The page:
The influence of lipid content and taxonomic affiliation on methane and carbon dioxide production from phytoplankton biomass in lake sediment
Hiltunen, M., Nykänen, H., & Syväranta, J. (2021). The influence of lipid content and taxonomic affiliation on methane and carbon dioxide production from phytoplankton biomass in lake sediment. Limnology and Oceanography, 66(5), 1915-1925. https://doi.org/10.1002/lno.11732
Published inLimnology and Oceanography
© 2021 The Authors. Limnology and Oceanography published by Wiley Periodicals LLC on behalf of Association for the Sciences of Limnology and Oceanography
The greenhouse gases methane (CH4) and carbon dioxide (CO2) are end products of microbial anaerobic degradation of organic matter (OM) in lake sediments. Although previous research has shown that phytoplankton lipid content influences sediment methanogenesis, current understanding on how OM quality affects methanogenesis is still limited. Such information is needed to more accurately assess how lake greenhouse gas emissions may change in response to anthropogenic activities. We cultured 11 phytoplankton species from five classes and studied how taxonomic identity, C : N ratio, lipid content, and fatty acid composition of phytoplankton biomass affects the CH4 and net CO2 production in anaerobic lake sediments with an incubation experiment that lasted > 100 d. The carbon‐normalized potential CH4 (0.09–0.23 μmol mg C−1 d−1) and net CO2 (0.09–0.28 μmol mg C−1 d−1) production rates were not related to phytoplankton taxonomic affiliation (e.g., class, species), C : N ratio, or fatty acid composition of algal biomass. Methane or net CO2 production potentials did not increase with higher lipid content (10–30%); however, total fatty acid content had a weak correlation with CH4 production potential. In contrast to previous research, our results suggest that lipid content is of minor importance in determining methanogenesis rates from the biomass of multispecies phytoplankton communities settling on sediments. The decrease in CO2 concentration and the correlation between stable carbon isotope signatures of CH4 and molar ratio of CH4 and CO2 at the end of the experiment may indicate that importance of hydrogenotrophic methanogenesis, which uses CO2 when other substrates become limiting, increased during the long incubation. ...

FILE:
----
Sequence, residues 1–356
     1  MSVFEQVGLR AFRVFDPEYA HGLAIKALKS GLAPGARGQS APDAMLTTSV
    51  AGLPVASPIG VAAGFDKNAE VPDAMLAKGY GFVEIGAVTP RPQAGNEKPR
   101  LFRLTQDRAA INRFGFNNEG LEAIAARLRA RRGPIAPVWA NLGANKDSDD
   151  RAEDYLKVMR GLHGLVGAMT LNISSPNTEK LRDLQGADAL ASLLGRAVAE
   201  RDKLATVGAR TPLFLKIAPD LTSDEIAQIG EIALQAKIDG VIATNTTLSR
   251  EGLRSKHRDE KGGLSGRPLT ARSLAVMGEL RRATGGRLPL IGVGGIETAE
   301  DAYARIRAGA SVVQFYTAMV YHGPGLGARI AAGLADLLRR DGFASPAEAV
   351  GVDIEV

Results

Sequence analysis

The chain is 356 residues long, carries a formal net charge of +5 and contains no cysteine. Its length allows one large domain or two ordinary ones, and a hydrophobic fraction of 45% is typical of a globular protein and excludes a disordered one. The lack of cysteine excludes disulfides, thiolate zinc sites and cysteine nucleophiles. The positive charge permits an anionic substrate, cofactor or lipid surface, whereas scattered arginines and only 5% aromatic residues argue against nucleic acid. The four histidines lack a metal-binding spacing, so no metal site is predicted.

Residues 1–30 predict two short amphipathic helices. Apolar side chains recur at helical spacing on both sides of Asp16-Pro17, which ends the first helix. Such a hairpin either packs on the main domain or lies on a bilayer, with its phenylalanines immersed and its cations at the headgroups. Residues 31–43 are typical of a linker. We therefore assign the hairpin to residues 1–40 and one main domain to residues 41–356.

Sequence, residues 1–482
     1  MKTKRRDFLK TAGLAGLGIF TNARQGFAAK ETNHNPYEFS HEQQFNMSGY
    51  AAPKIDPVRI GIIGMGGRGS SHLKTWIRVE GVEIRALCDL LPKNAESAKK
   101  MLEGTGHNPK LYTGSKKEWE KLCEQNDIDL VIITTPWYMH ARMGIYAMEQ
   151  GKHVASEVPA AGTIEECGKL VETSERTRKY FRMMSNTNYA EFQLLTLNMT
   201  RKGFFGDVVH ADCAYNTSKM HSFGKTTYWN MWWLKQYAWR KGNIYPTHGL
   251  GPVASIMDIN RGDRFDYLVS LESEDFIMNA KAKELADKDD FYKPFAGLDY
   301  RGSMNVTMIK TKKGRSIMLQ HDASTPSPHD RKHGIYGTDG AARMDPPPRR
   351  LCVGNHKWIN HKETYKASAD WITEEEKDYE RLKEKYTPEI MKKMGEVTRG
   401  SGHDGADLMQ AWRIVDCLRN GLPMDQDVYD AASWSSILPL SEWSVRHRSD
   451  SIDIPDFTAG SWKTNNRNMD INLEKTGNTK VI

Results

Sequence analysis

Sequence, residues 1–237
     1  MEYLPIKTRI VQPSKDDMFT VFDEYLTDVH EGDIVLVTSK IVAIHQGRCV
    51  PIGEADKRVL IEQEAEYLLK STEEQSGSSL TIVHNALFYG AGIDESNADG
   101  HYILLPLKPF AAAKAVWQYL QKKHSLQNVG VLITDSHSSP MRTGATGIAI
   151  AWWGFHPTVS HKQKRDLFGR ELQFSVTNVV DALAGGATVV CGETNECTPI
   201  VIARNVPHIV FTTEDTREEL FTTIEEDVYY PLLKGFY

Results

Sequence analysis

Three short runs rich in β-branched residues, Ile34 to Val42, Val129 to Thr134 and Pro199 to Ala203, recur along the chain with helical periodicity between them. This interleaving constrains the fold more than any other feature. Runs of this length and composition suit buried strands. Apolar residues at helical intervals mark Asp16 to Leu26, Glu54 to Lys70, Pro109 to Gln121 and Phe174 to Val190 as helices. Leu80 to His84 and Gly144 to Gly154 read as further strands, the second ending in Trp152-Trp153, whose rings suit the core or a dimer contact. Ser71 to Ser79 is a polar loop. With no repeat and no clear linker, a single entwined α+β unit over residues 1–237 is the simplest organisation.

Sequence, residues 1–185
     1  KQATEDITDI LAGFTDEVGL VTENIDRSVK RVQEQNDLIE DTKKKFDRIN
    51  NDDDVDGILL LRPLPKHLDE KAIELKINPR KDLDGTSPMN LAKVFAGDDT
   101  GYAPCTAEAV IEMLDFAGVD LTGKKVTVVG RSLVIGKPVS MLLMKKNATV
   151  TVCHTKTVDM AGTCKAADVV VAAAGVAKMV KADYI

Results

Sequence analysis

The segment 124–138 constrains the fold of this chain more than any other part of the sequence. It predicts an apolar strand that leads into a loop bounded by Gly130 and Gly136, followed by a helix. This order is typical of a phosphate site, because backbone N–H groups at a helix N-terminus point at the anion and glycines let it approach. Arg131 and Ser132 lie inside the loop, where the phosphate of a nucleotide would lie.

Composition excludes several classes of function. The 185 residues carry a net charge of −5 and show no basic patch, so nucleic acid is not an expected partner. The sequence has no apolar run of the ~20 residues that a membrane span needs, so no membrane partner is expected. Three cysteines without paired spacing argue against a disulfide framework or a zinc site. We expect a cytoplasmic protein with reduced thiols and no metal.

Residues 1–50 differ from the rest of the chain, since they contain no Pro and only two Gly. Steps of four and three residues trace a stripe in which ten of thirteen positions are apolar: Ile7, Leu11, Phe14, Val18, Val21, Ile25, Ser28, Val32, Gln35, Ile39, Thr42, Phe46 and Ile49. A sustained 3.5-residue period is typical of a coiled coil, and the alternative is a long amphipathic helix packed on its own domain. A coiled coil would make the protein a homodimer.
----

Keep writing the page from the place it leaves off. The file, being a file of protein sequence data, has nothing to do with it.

PublisherJohn Wiley & Sons
ISSN Search the Publication Forum0024-3590
Publication in research information system
MetadataShow full item record
Related funder(s)Academy of Finland
Funding program(s)Postdoctoral Researcher, AoF
Additional information about fundingAcademy of Finland. Grant Numbers: 296918, 307238, 315163
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